The FCC, under Trump-appointed Chairman Ajit Pai, has been looking to roll back protections on net neutrality intended to make internet service providers treat all services fairly and equally. They’ve done that with a lot of disingenuous talk about regulations that are simpler for customers to understand and making everyone play by the same rules, and now some U.S. representatives have sent the FCC a letter explaining that they’re not buying it.
Before that, though, the public got a chance to weigh in, and that resulted in plenty of irate comments about the FCC’s plans, which Pai is unsurprisingly trying to write off as unimportant, since the comments don’t help him win a battle he’s literally pledged to win. And, of course, at least one conservative group is taking that even further by saying the comments may be fake anyway in order to discredit them.
Now Congressional Democrats are having their turn, with a formal comment from several members of the U.S. House of Representatives explaining to the FCC how the Telecommunications Act works and why the “public interest standard” is, well, there to protect the public interest. That included a few lectures on Pai’s conflation of ISPs and their infrastructure with the services provided over their networks:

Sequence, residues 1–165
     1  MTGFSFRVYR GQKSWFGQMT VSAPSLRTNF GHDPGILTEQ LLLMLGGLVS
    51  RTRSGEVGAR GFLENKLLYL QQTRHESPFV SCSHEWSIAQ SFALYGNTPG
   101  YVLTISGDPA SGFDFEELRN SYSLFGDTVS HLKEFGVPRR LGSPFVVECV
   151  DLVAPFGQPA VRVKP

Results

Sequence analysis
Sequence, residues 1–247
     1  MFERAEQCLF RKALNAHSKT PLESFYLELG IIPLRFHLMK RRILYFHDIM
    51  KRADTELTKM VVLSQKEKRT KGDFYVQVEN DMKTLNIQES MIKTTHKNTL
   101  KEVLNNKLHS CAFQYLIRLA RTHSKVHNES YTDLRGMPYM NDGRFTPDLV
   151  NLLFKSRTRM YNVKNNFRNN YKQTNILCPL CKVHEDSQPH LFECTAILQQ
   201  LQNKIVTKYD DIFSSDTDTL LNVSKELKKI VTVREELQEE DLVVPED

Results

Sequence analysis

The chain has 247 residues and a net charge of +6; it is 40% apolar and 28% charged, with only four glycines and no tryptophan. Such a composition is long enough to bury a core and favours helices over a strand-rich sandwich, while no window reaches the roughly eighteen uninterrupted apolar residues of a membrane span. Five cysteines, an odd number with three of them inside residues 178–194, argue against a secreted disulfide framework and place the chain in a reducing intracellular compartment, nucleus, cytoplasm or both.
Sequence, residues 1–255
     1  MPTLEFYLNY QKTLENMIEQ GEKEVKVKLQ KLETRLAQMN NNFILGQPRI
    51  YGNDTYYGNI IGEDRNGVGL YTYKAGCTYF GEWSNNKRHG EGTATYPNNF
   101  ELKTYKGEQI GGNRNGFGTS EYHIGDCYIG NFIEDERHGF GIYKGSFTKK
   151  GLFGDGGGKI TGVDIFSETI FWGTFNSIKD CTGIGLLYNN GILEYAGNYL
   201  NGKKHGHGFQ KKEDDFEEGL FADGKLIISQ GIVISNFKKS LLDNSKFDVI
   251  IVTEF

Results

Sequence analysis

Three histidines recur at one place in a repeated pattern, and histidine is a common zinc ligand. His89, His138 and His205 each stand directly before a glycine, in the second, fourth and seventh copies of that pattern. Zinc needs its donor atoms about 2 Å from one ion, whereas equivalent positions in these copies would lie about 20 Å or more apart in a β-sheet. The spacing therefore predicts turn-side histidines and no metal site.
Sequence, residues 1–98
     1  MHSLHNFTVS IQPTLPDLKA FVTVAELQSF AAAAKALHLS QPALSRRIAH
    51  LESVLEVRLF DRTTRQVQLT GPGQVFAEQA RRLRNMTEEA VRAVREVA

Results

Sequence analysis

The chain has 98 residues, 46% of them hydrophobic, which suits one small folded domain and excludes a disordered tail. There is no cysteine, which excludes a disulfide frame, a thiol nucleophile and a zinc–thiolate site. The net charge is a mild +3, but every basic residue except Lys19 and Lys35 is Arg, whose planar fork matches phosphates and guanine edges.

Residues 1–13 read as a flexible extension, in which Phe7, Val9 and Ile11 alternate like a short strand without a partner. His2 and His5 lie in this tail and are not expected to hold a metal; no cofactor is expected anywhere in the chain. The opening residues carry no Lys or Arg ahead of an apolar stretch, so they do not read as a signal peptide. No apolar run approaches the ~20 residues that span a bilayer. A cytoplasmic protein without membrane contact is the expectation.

“We directed the Commission to consider network infrastructure differently than the content that runs over it. The FCC’s proposal impermissibly reads this distinction out of the law. While we understand that some may disagree with the law, Congress must make that decision—not the Commission.”
“While the technology has changed, the policies to which we agreed have remained firm—the law still directs the FCC to look at the network infrastructure carrying data as distinct from the services that create the data. Using today’s technology that means the law directs the FCC to look at ISP services as distinct from those services that ride over the networks.”
As well as this (and more) on the public interest versus focusing on financially helping out giant telecommunications monopolies:
“The FCC should not degrade people’s privacy rights without thorough consideration. Instead of considering these critical national priorities, the proposal single-mindedly concentrates on one issue to the exclusion of all others: the raw dollars spent on network deployment. This narrow focus is clearly contrary to the public interest—if we had intended network investment to be the sole measure by which the FCC determines policy, we would have specifically written that into the law.”
I look forward to seeing how Pai explains these comments away as pretend or unimportant or misguided—because that’s what’s going to happen.
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